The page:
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Atlantic Yards/Pacific Park graphic: what's built/what's coming + FAQ (pinned post)

Upzoning for affordable housing at two Prospect Heights parcels reflects new city policy, raises debate on context; start of broader neighborhood rezoning?

I wrote yesterday about the unfulfilled plans for 225 senior units at Atlantic Yards/Pacific Park.

So let's look at the city's proposal for at least 80 units of affordable senior housing nearby on an underutilized city-owned site in Prospect Heights, 542 Dean Street, and unspecified plans for "another population in need" at a similar city-owned site, 516 Bergen Street. 

Both are between Sixth and Carlton avenues quite close to Atlantic Yards/Pacific Park.

As I noted, such affordable housing is welcomed by neighbors, but not necessarily at that scale. The North Prospect Heights Association (NPHA) has called for development at existing zoning--rather than doubling the allowable square footage and enabling nine-story buildings instead of five-story ones--and warned that this sets a precedent for upzoning other parcels nearby.

The proposal at Dean Street, rather than offer required open space, "uses the site to bring additional density to an already overtaxed neighborhood," wrote the North Prospect Heights Association (NPHA), which has many members on Bergen and Dean streets.

That refers to the years of construction impacts from the very much unfinished Atlantic Yards/Pacific Park project, which has failed to deliver promised affordable (and senior) housing and produced new demands on neighborhood open space. The project has also brought a flood of vehicles on event days at the Barclays Center. 

Meeting tonight

An online public meeting, according to the Department of Housing Preservation and Development (HPD) is scheduled tonight at 6:30 pm to kick off the plans for the sites, followed by an Urban Design Workshop Nov. 18 and a Report Back on feedback Dec. 10. 

It likely will be contentious, considering that yesterday YIMBY (Yes In My Back Yard) arguments galvanized project supporters deriding neighbors as NIMBY. "Consider logging on to tell the city that you support them going as dense as possible here," tweeted Stephen Smith (aka "Market Urbanism").

That reflects--see discussion below--the cues in the neighborhood for more density in a transit-rich neighborhood, and the city's push for more density to further equity.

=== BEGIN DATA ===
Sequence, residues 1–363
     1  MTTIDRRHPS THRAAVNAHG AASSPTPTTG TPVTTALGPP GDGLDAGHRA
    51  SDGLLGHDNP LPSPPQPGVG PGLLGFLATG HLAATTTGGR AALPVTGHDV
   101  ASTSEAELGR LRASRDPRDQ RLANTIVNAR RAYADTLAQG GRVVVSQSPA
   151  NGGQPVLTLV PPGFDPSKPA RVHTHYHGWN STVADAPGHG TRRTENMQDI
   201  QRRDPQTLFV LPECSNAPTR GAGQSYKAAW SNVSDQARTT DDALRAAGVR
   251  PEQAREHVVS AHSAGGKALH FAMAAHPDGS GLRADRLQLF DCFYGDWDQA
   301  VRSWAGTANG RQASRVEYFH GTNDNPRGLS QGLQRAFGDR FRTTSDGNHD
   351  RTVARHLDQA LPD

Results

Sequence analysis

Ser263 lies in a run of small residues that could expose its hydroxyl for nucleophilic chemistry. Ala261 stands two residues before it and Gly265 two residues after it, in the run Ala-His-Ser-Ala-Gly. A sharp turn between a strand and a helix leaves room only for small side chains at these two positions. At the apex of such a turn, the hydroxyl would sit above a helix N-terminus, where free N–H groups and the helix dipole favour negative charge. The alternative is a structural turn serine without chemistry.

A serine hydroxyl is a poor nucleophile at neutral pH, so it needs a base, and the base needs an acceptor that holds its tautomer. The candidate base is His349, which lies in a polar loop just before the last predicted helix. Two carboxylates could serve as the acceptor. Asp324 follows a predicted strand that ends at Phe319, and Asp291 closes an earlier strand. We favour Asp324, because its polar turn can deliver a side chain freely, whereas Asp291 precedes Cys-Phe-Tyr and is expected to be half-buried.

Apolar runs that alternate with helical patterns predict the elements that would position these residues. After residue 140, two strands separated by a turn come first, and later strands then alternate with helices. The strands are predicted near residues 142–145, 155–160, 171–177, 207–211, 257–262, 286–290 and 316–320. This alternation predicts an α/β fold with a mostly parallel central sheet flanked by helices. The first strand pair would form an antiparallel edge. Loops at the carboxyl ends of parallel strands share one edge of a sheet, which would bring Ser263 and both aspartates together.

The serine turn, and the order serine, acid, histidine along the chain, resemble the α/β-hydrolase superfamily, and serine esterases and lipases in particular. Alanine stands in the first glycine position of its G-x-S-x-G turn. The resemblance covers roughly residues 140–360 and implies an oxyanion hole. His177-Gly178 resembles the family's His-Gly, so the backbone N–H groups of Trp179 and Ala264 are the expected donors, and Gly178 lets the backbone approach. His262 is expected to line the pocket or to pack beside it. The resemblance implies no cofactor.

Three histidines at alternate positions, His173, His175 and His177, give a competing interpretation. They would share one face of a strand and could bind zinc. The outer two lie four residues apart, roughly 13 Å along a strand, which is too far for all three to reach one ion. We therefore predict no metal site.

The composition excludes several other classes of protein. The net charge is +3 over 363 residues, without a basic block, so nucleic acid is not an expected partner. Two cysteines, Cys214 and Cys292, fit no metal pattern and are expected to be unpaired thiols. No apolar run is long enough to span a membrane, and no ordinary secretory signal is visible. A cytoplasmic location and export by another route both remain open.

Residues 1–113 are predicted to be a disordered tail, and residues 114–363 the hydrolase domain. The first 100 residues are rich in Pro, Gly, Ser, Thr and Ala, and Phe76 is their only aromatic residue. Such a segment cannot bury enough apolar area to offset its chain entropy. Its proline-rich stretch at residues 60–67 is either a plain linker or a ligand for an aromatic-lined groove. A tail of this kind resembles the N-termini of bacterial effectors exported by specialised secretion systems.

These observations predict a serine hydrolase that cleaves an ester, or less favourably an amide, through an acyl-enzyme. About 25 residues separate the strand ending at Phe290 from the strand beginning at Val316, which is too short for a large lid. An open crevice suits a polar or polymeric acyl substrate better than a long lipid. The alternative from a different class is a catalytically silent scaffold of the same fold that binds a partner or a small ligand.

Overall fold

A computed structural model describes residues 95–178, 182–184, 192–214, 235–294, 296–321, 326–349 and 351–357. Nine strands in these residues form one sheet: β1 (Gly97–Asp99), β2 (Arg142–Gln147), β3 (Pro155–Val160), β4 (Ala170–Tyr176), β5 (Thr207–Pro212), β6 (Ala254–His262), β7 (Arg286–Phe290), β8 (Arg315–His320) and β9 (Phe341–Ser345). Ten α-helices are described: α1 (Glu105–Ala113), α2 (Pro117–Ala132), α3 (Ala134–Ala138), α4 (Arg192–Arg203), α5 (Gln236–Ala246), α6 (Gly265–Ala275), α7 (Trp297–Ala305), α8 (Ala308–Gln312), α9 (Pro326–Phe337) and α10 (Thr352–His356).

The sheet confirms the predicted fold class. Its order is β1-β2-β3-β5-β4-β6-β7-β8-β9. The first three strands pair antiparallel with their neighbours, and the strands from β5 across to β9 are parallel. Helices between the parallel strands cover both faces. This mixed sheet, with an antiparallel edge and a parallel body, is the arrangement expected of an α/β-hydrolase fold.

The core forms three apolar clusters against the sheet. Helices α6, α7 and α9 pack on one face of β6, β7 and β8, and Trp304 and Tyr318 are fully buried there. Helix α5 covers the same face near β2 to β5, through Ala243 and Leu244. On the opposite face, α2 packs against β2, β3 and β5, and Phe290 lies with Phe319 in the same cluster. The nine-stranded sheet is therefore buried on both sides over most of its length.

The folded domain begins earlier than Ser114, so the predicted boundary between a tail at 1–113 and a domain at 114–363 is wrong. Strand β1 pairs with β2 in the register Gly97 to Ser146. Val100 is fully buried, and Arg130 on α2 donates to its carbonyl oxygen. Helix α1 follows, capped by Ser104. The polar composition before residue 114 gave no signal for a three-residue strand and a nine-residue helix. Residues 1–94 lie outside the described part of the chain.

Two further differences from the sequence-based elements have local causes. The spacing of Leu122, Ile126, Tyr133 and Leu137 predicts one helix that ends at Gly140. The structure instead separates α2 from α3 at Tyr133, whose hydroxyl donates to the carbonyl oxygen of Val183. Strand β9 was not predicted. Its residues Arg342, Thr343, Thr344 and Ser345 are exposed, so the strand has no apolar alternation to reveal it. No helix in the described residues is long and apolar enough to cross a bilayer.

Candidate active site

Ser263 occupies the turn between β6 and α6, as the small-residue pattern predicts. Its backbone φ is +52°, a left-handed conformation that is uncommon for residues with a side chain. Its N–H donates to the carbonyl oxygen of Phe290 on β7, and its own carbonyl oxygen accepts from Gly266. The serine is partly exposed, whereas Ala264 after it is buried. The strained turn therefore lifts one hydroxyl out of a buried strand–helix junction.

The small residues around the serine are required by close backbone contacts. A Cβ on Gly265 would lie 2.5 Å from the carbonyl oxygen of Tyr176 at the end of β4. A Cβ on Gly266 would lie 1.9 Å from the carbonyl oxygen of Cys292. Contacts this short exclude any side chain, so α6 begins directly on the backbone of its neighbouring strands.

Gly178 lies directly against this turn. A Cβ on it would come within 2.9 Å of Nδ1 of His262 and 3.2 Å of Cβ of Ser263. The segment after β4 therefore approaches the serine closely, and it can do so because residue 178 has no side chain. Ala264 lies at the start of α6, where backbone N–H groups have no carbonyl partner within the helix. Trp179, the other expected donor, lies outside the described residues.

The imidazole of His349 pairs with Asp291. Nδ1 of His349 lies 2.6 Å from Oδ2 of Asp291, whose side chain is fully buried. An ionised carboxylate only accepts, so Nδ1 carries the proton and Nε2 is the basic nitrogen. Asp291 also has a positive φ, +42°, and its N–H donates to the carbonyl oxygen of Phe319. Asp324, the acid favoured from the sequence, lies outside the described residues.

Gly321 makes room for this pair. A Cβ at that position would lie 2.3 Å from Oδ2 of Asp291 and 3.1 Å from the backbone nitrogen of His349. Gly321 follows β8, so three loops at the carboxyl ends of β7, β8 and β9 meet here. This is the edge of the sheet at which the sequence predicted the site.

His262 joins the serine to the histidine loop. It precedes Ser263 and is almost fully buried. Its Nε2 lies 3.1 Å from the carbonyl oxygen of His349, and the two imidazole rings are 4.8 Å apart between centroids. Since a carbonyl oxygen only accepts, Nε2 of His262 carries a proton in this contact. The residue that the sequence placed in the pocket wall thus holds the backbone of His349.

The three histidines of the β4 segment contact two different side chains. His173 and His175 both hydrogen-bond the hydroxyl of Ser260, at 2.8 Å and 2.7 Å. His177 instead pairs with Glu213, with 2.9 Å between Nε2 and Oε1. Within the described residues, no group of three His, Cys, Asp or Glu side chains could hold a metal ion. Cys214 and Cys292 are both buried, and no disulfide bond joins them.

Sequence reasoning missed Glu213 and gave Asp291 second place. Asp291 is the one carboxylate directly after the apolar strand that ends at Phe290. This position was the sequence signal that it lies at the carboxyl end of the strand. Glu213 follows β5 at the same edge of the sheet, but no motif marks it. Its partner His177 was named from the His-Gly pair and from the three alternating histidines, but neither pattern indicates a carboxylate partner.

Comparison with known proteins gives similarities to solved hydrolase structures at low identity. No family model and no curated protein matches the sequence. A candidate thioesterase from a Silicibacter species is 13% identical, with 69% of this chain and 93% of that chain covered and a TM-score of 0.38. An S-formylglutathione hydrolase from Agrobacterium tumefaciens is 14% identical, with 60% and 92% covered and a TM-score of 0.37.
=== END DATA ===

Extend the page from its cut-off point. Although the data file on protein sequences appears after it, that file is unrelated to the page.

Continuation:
Just yesterday the Mayor's Office released a new report, Where We Live, that announces policy goals including promises to "[e]xpand housing options in low density zoning districts to encourage the development of low-cost housing options" and proposed zoning changes to increase density for affordable housing.

How long will it take?

While this initial process seems fairly brisk, announced public process, according to HPD, is a multi-year process (5-8 years), and this community engagement phase comes at the early stage. 

The projects involve M/WBE developers, part of "an initiative that seeks to address demonstrated disparities in minority and women-owned business’ participation in affordable housing development."

Half of the senior units would be designated for residents of Community Board 8, distributed via a lottery.

The project will have to go through environmental review and thus ULURP (Uniform Land Use Review Procedure), which typically gives large sway to the local Council Member, currently the term-limited Laurie Cumbo, though it's unclear the process would be resolved before she leaves office at the end of next year.

Looking at the HPD photo: context

"The rezoning and the building design of the future affordable housing would be contextually sensitive to the existing neighborhood," states HPD. 

Below, I've annotated the photo of the sites that HPD has provided, aiming to suggest context, contrasts, and commonalities. From a broader neighborhood perspective that includes the far larger Atlantic Yards/Pacific Park site--the beneficiary of a state override of zoning--such new buildings, eight to nine stories, don't seem out of scale.